Furchtgott-Roth: Is there a spectrum shortage?
Is there a "spectrum shortage?" Those two words send shivers down the spines wireless industry executives. New services demand ever more spectrum, and, the story goes, there simply isn't enough spectrum available. An Internet search engine will easily find hundreds of thousands of links to the term "spectrum shortage." Many claim to have coined the term "spectrum shortage;" many more claim that it will be the downfall of America.
As the National Broadband Plan intoned two years ago: "The growth of wireless broadband will be constrained if government does not make spectrum available to enable network expansion and technology upgrades."
The National Telecommunications and Information Administration announced on March 27 that is taking steps to clear the 1755-1850 Mhz band for commercial purposes. It is an enormous undertaking and will take years to complete. In the meantime, and afterwards, the fear of spectrum "shortages" persists.
Few in Washington are willing to ask the tough question: Why is there a "shortage" of spectrum? The answer is not the finiteness of spectrum as no one focuses on a "land shortage" or a "copper shortage."
Ask any student of introductory economics--at least those who stayed awake through part of the classes--about shortages, and they will know the answer. In a well-functioning market, shortages simply do not exist. At a market-clearing price, demand just equals supply. If there were a "shortage," i.e. less supply than demand, prices would be bid up to the point where the market would clear.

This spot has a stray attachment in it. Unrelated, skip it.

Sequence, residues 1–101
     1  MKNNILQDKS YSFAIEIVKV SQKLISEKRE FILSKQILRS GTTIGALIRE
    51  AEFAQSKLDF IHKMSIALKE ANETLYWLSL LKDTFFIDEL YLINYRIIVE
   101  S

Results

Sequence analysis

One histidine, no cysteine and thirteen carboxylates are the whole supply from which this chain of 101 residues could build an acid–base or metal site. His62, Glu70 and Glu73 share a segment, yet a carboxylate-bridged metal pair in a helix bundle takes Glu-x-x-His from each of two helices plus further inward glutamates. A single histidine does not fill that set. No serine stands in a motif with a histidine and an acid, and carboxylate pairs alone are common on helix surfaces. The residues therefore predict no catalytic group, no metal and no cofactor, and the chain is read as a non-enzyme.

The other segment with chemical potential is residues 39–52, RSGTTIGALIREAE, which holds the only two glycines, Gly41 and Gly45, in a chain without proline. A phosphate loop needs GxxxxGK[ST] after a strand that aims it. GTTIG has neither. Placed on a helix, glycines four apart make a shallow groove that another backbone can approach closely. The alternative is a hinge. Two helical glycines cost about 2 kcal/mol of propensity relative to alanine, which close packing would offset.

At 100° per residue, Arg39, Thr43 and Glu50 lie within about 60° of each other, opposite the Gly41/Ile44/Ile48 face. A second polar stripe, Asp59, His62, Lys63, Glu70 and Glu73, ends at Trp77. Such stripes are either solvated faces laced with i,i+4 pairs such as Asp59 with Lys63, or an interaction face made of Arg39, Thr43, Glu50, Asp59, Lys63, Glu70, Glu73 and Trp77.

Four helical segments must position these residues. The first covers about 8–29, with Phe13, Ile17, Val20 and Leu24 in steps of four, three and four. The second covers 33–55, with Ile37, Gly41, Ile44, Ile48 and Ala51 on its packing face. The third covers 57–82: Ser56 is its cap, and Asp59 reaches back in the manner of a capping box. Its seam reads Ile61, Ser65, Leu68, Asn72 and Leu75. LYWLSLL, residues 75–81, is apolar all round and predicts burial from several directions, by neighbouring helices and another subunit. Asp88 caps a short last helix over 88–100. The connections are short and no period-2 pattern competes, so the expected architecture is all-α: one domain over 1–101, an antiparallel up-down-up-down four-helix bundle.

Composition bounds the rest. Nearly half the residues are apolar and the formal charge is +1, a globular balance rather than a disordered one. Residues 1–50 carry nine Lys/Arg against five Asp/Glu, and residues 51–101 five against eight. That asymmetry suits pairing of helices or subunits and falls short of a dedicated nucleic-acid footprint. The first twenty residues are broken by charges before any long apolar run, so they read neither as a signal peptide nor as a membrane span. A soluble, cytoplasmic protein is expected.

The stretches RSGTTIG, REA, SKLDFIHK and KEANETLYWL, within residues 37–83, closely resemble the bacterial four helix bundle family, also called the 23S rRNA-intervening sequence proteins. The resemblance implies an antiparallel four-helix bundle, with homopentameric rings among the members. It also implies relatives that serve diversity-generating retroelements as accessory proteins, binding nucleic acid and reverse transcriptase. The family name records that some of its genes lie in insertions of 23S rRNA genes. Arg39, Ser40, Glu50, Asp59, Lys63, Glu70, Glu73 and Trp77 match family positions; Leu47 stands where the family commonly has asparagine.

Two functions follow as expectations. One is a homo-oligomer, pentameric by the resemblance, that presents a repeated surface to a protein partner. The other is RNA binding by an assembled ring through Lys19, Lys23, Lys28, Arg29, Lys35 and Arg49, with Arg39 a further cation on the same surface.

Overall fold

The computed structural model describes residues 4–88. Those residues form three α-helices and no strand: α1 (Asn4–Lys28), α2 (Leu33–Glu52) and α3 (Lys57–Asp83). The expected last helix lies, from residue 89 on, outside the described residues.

Prices of spectrum are highly volatile, moving in dramatic short cycles, but on an upward trend. Prices are up, yet spectrum is still widely described as having a "shortage." Why? Should prices increase further?
The only reason we can have "shortages" in a market is because the market is not functioning well. Perhaps the most common reason for "shortages" is the government prevents markets from responding to price signals. Sadly, that is precisely the situation with spectrum: the government is standing in the way of the market.
Government-created shortages are not new. During World War II, the federal government controlled the distribution of a wide range of goods from food to cars and the result was "shortages." In the 1970s, the federal government limited the price of petroleum, and the result was "shortages" of gasoline and home heating oil. Today, the federal government has shuttered coal-fired power plants in several states, and brownouts result during periods of peak electricity demand.
But those and many other examples of government-induced shortages at least had a plausible explanation. With spectrum, there is no such explanation. Spectrum shortages are not the result of war, an international crisis, or even love of the environment. We have spectrum shortages simply because we have bad policies.
Two examples illustrate what is wrong with our spectrum policy: over-regulation and lack of clear property rights.
First, we have too much regulation of spectrum. To buy or sell a spectrum license can take months or years and substantial legal transactional fees. Practically all Americans would starve if they had to buy food in the same manner that businesses buy and sell spectrum licenses. The American economy would come to a halt if all assets had to pass through FCC review. The FCC license transfer application is all too often a game of "Mother, May I," in which the FCC always plays Mother. The FCC often trumpets the success of secondary markets, but the successes of secondary market transactions are overwhelmed by the failures.